And its range is the open interval (-$\frac{\pi}{2}$, $\frac{\pi}{2}$). The graph is squeezed between the two horizontal asymptotes y = -$\frac{\pi}{2}$ and y = $\frac{\pi}{2}$. (The asymptotes are shown in green), and is increasing in the entire domain.

The graphs of the inverses of the reciprocal functions csc, sec and cot are shown below along with their domain and ranges.

 Csc Inverse   Graph of csc-1 x
Domain (-∞,-1] U [1,∞)
Range [-$\frac{\pi}{2}$, 0) U (0, $\frac{\pi}{2}$]
Graph of sec-1 x
Domain (-∞, -1] U [1, ∞)
Range [0, $\frac{\pi}{2}$) U ($\frac{\pi}{2}$, π]
  Sec Inverse
 Cot Inverse Graph of cot-1 x
Domain (-∞, ∞)
Range (0, π)

Let us now solve few problems using inverse trigonometric functions.
Derivatives of inverse trigonometric functions are derived using the definitions of inverse trigonometric functions. Here is the list of derivatives of inverse trigonometric functions with their domains.

Derivative of inverse sin function
$\frac{d}{dx}$$sin^{-1}x$ = $\frac{1}{\sqrt{1-x^{2}}}$ for -1 < x < 1
Even though the inverse sin function is defined in [-1, 1], the derivative is undefined at the boundary values.

Derivative of inverse cos function
$\frac{d}{dx}$$cos^{-1}x$ = $\frac{-1}{\sqrt{1-x^{2}}}$ for -1 < x < 1.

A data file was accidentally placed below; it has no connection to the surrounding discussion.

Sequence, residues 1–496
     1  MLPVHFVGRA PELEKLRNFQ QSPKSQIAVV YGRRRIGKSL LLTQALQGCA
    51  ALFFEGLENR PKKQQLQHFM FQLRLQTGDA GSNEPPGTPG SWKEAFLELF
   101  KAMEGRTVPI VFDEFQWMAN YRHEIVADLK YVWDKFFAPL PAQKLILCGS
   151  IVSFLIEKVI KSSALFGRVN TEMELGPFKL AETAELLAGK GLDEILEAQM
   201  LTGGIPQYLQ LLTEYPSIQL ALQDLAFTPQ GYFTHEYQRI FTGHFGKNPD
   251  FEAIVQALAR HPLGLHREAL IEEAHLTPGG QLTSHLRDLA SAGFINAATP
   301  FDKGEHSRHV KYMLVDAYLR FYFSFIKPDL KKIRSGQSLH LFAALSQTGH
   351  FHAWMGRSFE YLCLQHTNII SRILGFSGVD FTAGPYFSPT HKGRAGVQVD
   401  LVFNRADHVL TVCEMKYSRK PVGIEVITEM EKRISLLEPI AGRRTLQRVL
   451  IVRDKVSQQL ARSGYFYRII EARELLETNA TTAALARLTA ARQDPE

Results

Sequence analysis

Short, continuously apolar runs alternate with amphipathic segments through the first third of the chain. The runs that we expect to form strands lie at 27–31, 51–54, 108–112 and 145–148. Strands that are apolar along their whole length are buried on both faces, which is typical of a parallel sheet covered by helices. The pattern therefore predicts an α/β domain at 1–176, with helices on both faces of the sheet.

Just as for the derivative of sin inverse, the derivative of cos inverse is undefined at the boundary points of its domain
[-1, 1].

Derivative of inverse tan function
$\frac{d}{dx}$$tan^{-1}x$ = $\frac{1}{1+x^{2}}$
Derivative of tan inverse is defined for all the values in the domain of inverse tan that is (-∞, ∞)

Derivative of inverse csc function
$\frac{d}{dx}$$csc^{-1}x$ = $\frac{-1}{|x|\sqrt{x^{2}-1}}$ for |x| > 1
Derivative of csc function is not defined for |x| = 1 even though these values are included in the domain of inverse csc.

Derivative of inverse sec function
$\frac{d}{dx}$$secx$ = $\frac{1}{|x|\sqrt{x^{2}-1}}$ for |x| > 1.
Derivative of sec function is not defined for |x| = 1 even though these values are included in the domain of inverse sec.

Derivative of inverse cot function
$\frac{d}{dx}$$cotx$ = $\frac{-1}{1+x^{2}}$
Derivative of cot inverse is defined for all the values in the domain of inverse cot that is (-∞, ∞)

Solved Example

Question: Evaluate sin-1 $\frac{\sqrt{3}}{2}$,  arccos $\frac{\sqrt{2}}{2}$   and tan-1 (-1)
Solution:
 
Let sin-1 $\frac{\sqrt{3}}{2}$ = x
   ⇒ sin x = $\frac{\sqrt{3}}{2}$
   We need to find the value of x whose sine value = $\frac{\sqrt{3}}{2}$ and which lies in the interval -$\frac{\pi}{2}$ ≤ x ≤ $\frac{\pi}{2}$.
   We know sin $\frac{\pi }{3}$ = $\frac{\sqrt{3}}{2}$
   Thus x = $\frac{\pi }{3}$ radians or 60º.

   Hence sin-1 $\frac{\sqrt{3}}{2}$ = $\frac{\pi }{3}$

   Let arccos $\frac{\sqrt{2}}{2}$ = x
   ⇒ cos x = $\frac{\sqrt{2}}{2}$
   The value of x, whose cos function = $\frac{\sqrt{2}}{2}$ and which lies in the interval 0 ≤ x ≤ π is  $\frac{\pi }{4}$ radians
   Thus arccos $\frac{\sqrt{2}}{2}$ = $\frac{\pi }{4}$ radians or 45º.

  Let tan-1 (-1) = x
  ⇒ tan x = -1
  The value of x whose tan function = -1 and which lies in the interval -$\frac{\pi}{2}$ < x < $\frac{\pi}{2}$ is -$\frac{\pi }{4}$ radians.
  Hence tan-1 (-1) = $\frac{\pi }{4}$ radians or -45º.